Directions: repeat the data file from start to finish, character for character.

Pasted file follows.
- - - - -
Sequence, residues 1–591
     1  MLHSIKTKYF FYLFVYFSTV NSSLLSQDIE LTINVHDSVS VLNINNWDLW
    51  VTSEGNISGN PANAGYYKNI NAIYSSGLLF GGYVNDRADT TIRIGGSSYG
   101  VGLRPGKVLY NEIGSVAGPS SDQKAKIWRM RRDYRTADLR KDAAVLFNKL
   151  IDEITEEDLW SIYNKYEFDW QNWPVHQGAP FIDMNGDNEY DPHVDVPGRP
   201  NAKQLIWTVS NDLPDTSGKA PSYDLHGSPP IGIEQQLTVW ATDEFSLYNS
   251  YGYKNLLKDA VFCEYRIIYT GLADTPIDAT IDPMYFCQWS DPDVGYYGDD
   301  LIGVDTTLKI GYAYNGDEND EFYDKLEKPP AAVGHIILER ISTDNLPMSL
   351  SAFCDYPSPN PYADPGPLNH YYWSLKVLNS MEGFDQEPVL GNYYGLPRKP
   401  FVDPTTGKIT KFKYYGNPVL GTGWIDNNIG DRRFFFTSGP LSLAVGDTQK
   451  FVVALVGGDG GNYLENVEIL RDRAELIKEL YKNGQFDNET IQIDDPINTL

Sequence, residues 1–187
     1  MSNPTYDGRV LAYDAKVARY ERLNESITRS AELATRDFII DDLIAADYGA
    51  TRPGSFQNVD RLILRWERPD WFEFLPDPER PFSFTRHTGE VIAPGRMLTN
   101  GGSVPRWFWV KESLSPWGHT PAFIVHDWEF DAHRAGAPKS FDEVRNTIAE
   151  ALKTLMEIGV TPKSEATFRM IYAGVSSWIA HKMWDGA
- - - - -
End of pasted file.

Sequence, residues 1–591
     1  MLHSIKTKYF FYLFVYFSTV NSSLLSQDIE LTINVHDSVS VLNINNWDLW
    51  VTSEGNISGN PANAGYYKNI NAIYSSGLLF GGYVNDRADT TIRIGGSSYG
   101  VGLRPGKVLY NEIGSVAGPS SDQKAKIWRM RRDYRTADLR KDAAVLFNKL
   151  IDEITEEDLW SIYNKYEFDW QNWPVHQGAP FIDMNGDNEY DPHVDVPGRP
   201  NAKQLIWTVS NDLPDTSGKA PSYDLHGSPP IGIEQQLTVW ATDEFSLYNS
   251  YGYKNLLKDA VFCEYRIIYT GLADTPIDAT IDPMYFCQWS DPDVGYYGDD
   301  LIGVDTTLKI GYAYNGDEND EFYDKLEKPP AAVGHIILER ISTDNLPMSL
   351  SAFCDYPSPN PYADPGPLNH YYWSLKVLNS MEGFDQEPVL GNYYGLPRKP
   401  FVDPTTGKIT KFKYYGNPVL GTGWIDNNIG DRRFFFTSGP LSLAVGDTQK
   451  FVVALVGGDG GNYLENVEIL RDRAELIKEL YKNGQFDNET IQIDDPINTL

Sequence, residues 1–187
     1  MSNPTYDGRV LAYDAKVARY ERLNESITRS AELATRDFII DDLIAADYGA
    51  TRPGSFQNVD RLILRWERPD WFEFLPDPER PFSFTRHTGE VIAPGRMLTN
   101  GGSVPRWFWV KESLSPWGHT PAFIVHDWEF DAHRAGAPKS FDEVRNTIAE
   151  ALKTLMEIGV TPKSEATFRM IYAGVSSWIA HKMWDGA